Tuesday, September 20, 2011

Let's Play with Symfony 1.2 and Doctrine

It's been quite a long time I didn't give a go to Doctrine, so as it's gonna be bundled by default in with the upcoming 1.2 release of symfony, I thought it was a good occasion to play with it.

So let's checkout the 1.2 SVN branch of symfony and create a test project with a main application[1]:

 $ mkdir sf12test && cd sf12test $ mkdir -p lib/vendor $ svn co http://svn.symfony-project.com/branches/1.2 lib/vendor/symfony $ php lib/vendor/symfony/data/bin/symfony generate:project sf12test $ ln -s ../lib/vendor/symfony/data/web/sf web/sf $ ./symfony generate:app main

Create a webserver vhost pointing to the web folder of the project directory. I've already explained plenty of times how to achieve this step.

Now, let's enable the sfDoctrinePlugin and disable the Propel one by editing the setup() method of theconfig/ProjectConfiguration.class.php file:

  php   public function setup()   {     $this->disablePlugins('sfPropelPlugin');     $this->enablePlugins('sfDoctrinePlugin');   } 

You can list the available tasks running this simple command:

 $ ./symfony list doctrine

Managing the Database Schema

First, configure your config/databases.yml file to set the database connection parameters. If you want to quick test Doctrine, use a local SQLite db, like this:

  yaml all:   doctrine:     class:    sfDoctrineDatabase     param:       dsn:    sqlite://<?php echo dirname(__FILE__).'/../data/data.db' ?> 

We're going to make a very simple weblog application, so let's configure our database schema. We can do it in YAML[2], so fire up your favorite editor/IDE and edit a brand new config/doctrine/schema.yml:

  yaml BlogPost:   actAs:     Sluggable:       fields:       [title]     Timestampable:   columns:     title:          string(255)     body:           clob     author:         string(255)  BlogComment:   actAs:            [Timestampable]   columns:     blog_post_id:   integer     author:         string(255)     email:          string(255)     content:        clob   relations:     BlogPost:       class:        BlogPost       local:        blog_post_id       foreign:      id       foreignType:  many       type:         one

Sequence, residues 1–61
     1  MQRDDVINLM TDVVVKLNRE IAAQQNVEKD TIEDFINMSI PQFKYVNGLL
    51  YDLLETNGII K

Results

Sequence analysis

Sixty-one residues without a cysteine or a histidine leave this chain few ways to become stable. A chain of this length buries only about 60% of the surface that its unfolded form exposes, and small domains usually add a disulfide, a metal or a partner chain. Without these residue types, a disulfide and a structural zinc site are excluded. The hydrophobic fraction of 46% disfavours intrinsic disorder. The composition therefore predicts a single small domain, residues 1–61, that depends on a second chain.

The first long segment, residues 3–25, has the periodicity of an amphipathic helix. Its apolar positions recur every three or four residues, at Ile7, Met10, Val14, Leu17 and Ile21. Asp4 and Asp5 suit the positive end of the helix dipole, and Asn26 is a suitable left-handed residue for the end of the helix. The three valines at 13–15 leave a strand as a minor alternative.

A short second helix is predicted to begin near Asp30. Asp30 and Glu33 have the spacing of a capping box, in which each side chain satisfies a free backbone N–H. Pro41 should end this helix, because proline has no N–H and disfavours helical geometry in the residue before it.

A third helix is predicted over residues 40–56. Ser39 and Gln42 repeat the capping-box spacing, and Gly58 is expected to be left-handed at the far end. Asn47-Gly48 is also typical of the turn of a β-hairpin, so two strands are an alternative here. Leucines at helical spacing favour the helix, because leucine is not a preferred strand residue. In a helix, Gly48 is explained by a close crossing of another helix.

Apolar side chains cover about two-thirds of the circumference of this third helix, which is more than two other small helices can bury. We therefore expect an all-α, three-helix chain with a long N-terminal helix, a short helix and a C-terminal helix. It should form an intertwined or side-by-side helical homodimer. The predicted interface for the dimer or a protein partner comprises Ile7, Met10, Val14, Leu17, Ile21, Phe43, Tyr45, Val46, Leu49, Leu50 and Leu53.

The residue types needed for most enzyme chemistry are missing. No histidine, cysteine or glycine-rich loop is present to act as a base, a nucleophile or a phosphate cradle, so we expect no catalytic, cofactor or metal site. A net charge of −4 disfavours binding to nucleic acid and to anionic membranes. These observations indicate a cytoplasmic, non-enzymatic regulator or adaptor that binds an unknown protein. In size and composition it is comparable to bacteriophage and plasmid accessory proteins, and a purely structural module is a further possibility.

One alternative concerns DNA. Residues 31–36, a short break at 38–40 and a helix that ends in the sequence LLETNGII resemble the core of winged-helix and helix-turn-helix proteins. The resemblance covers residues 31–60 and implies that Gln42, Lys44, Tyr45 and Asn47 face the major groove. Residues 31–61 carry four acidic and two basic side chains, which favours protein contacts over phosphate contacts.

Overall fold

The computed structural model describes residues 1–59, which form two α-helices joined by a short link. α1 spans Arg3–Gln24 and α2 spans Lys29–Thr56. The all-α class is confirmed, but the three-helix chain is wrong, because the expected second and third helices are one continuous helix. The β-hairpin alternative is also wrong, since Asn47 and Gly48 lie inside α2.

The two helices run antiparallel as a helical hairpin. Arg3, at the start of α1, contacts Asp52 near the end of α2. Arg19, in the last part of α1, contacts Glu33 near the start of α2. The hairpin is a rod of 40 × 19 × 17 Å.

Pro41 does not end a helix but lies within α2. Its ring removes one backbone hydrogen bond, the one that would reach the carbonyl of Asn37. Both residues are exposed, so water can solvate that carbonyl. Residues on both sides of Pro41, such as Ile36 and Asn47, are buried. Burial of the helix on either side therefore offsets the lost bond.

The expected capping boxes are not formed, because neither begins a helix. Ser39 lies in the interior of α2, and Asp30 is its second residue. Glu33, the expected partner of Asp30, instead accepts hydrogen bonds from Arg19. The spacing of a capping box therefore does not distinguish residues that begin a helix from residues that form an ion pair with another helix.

Note that Doctrine offers several pretty cool features including native behaviors (timestampable and slugable are used here).

Now, create a data/fixtures folder and put a data.yml file in, containing some test data in YAML format:

  yaml BlogPost:   p1:     title: My first post     body: |       This is cool.     author: NiKo     created_at: "<?php echo date('Y-m-d H:i:s', time() - 86400) ?>"   p2:     title: My second post     body: |       This is still cool.     author: NiKo     created_at: "<?php echo date('Y-m-d H:i:s', time() - 7200) ?>"   p3:     title: Third post     body: |       Is this one cool?     author: Roger Hanin     created_at: "<?php echo date('Y-m-d H:i:s') ?>"  BlogComment:   c1:     BlogPost: p3     author: John     email: john@doe.com     content: Hey, you're right there.     created_at: "<?php echo date('Y-m-d H:i:s', time() - 86400) ?>"   c2:     BlogPost: p3     author: Paul     email: paul@doe.com     content: Nope, he's not.     created_at: "<?php echo date('Y-m-d H:i:s') ?>" 

Okay, now run the command below to generate the needed files, create the database and fill it with the data fixtures:

 $ ./symfony doctrine:build-all-load

We can run several DQL queries in command line to check if everything is fine. DQL is very powerful, and compatible with a lot of RDBMS. You'll find more information on DQL on the doctrine website.

For example, to find all blog posts:

 $ ./symfony doctrine:dql "From BlogPost p" found 3 results -   id: '21'   title: 'My first post'   body: "This is cool.\n"   author: NiKo   slug: my-first-post   created_at: '2008-10-29 15:14:25'   updated_at: '2008-10-30 15:14:25' -   id: '22'   title: 'My second post'   body: "This is still cool.\n"   author: NiKo   slug: my-second-post   created_at: '2008-10-30 13:14:25'   updated_at: '2008-10-30 15:14:25' -   id: '23'   title: 'Third post'   body: "Is this one cool?\n"   author: 'Roger Hanin'   slug: third-post   created_at: '2008-10-30 15:14:25'   updated_at: '2008-10-30 15:14:25' 

Another example, to find informations about the blog post with slug third-post and its associated comments:

 $ ./symfony doctrine:dql "Select p.title, p.author, c.author, c.content From BlogPost p, p.BlogComment c Where p.slug = 'third-post' Group by c.id" found 3 results -   id: '23'   title: 'Third post'   author: 'Roger Hanin'   BlogComment: [{ id: '15', author: John, content: 'Hey, you''re right there.' }, { id: '16', author: Paul, content: 'Nope, he''s not.' }] 

Put the Query Logic in the Model

The Model part of any MVC architecture must contains the business data and associated logic. In other words, these data and logic should never be handled anywhere else, to decouple your components at max. So we'll add some query methods in thelib/model/doctrine/BlogPostTable.class.php file, which represents our blog_post table and available operations on it: